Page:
1. Obama's action is a policy and not a law.
2. USCIS has yet to announce how the application process will be carried on.
3. I will be updating http://engnishimura.com/faqs/deferred-action-young-immigrants as details become available.
4. Obama's policy does not provide immigration status. It only prevents qualifying individuals from being deported and may provide them with a work permit.
J Charles Ferrari Eng & Nishimura 213.622.2255 The statement above is general in nature and does not constitute legal advice, as not all the facts are known. You should retain an attorney to review all the facts specific to your case in order to receive advise specific to your case. The statement above does not create an attorney/client relationship. Answers on Avvo can only be general ones, as specific answers would require knowledge of all the facts. As such, they may or may not apply to the question.
It depends on how old your fiance is whether the new policy will apply to him. If it does, it does not grant him resident status. Consider meeting with an immigration attorney for a consultation so that they can explain the law to you and you can understand what you are up against.
FREE CONSULTATION ON IMMIGRATION AND DEPORTATION MATTERS Contact: Law Offices of KiKi M. Mosley 208 S. LaSalle St. Suite 1400 Chicago, Illinois 60604 773-501-2039 firstname.lastname@example.org The statement above is general in nature and does not constitute legal advice, as not all the facts are known. You should retain an attorney to review all the facts specific to your case in order to receive advise specific to your case. The statement above does not create an attorney/client relationship. Answers on Avvo can only be general ones, as specific answers would require knowledge of all the facts. As such, they may or may not apply to the question. email@example.com
The best approach is to schedule a consultation with an immigration attorney. There is more information needed to assess his situation. Did he have permission to enter the US? What is your status - US Citizen? How many years has he been in the US? Does he have any other immediate family members in the US that have a green card or are US citizens? Did any family members with status apply for him? Has he been in the US for more than ten years? Do you or your child have any significant health issues? All of these questions are important - the answers will help determine what the best approach is. Under no circumstances should he leave the United States without consulting an experienced immigration attorney. Any departure from the US now will trigger a ten year bar to re-entry. Such a bar may be overcome if the right circumstances exist.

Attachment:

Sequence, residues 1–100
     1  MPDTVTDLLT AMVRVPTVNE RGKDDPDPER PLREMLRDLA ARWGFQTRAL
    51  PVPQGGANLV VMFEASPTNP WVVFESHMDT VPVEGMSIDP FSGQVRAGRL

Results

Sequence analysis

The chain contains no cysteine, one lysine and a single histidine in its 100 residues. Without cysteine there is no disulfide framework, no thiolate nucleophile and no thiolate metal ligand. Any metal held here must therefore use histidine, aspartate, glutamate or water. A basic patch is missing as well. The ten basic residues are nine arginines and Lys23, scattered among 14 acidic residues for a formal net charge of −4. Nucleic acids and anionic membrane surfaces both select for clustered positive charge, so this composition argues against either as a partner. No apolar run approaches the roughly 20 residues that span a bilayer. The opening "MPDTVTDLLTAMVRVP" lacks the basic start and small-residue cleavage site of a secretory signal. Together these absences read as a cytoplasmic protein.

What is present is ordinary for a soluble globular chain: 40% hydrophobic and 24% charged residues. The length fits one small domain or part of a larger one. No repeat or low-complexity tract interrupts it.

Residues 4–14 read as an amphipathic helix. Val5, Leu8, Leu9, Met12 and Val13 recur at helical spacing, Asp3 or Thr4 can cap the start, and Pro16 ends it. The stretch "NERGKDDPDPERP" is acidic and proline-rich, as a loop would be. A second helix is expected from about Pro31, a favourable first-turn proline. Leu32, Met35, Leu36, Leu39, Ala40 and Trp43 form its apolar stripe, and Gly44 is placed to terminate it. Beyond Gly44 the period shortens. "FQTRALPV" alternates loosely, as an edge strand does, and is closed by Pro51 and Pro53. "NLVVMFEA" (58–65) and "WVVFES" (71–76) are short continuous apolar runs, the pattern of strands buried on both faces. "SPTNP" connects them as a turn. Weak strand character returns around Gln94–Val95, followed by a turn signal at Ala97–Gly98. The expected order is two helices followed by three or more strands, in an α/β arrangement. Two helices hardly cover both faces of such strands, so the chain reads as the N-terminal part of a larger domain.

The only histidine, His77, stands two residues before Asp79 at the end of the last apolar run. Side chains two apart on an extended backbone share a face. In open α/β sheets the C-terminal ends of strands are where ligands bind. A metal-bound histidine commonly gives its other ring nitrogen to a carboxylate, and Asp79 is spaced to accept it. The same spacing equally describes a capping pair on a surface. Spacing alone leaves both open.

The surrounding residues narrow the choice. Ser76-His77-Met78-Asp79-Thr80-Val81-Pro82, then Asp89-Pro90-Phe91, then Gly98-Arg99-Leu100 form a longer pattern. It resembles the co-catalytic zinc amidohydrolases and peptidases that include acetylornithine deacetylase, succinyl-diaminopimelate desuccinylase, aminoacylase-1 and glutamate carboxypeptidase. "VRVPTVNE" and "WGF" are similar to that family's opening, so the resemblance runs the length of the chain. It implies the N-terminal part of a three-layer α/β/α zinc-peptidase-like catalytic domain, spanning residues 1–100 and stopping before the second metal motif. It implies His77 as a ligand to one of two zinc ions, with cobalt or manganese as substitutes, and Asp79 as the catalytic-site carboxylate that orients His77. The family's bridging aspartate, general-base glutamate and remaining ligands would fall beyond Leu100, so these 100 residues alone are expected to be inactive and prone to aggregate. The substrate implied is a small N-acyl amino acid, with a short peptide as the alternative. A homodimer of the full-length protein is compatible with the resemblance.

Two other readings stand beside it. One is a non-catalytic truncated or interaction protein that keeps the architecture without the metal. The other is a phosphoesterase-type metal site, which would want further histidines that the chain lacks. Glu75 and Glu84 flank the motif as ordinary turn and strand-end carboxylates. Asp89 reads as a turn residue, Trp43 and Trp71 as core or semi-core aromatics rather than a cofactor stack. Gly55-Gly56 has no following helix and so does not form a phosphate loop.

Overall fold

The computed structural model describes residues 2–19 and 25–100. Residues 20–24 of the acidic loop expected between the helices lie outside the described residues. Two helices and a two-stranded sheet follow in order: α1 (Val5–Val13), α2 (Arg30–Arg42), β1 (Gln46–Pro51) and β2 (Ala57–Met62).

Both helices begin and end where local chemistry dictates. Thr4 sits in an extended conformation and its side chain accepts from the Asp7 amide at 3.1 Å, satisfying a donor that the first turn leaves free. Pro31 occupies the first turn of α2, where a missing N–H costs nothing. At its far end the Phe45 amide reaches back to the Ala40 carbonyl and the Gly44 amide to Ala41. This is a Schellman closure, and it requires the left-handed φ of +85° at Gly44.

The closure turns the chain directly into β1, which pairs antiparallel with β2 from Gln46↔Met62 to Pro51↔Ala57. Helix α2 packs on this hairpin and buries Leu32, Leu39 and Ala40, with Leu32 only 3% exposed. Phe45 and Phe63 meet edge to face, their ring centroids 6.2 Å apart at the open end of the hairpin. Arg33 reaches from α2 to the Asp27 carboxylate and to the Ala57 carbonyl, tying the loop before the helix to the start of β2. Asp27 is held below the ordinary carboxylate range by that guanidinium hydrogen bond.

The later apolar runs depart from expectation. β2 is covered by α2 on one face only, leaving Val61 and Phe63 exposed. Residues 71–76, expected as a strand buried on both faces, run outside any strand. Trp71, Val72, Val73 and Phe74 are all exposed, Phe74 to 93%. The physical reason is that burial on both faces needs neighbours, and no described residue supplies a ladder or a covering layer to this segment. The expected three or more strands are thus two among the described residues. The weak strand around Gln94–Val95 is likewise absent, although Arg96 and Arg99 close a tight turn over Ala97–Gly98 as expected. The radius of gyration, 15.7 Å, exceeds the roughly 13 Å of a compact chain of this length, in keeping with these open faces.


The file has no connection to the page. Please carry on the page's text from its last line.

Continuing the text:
The answer provided here is general in nature and does not take into account other factors that may need to be reviewed for a more precise answer. You should consult with an immigration attorney before taking any action. The answer here is not intended to create an attorney-client relationship.
Your fiance seems to qualify for deferred action under the new policy if he is under 30. Contact us if you want to follow up.
The above is intended only as general information, and does not constitute legal advice. You must speak with an attorney to discuss your individual case.
It would be a mistake to assume that the new law presents the best option for you and your husband. Other options may be available that are actually better. Before getting married and planning your future, it is highly recommended that you contact an immigration attorney.
One such option that may be available is the option of the I-601 waiver of unlawful presence, which would actually grant a Permanent Resident status (Green Card) rather than just a temporary relief from deportation and work permit. This would put one on the path to citizenship. Whether this is available or not depends on many factors.
Dhenu Savla, Esq.
P.S. - To read more about I-601 waivers of unlawful presence, visit www.swagatusa.com/educational-materials
Without going into all the Obama policy basics, here's the simplest solution:
Assuming you are a permanent resident or citizen:
Marry your fiance, file a petition, get it approved, and seek to adjust his status.
If all is well, and he qualifies, that would be easiest.
Naturally, many factors apply, so hire an attorney to get him a green card. But not without a marriage if you want to help him.
Raheel Shahzad, CPA, Attorney at Law
The above is not legal advice, but information based on limited facts presented. You may or may not qualify. Seek legal advice from an attorney before making any decision.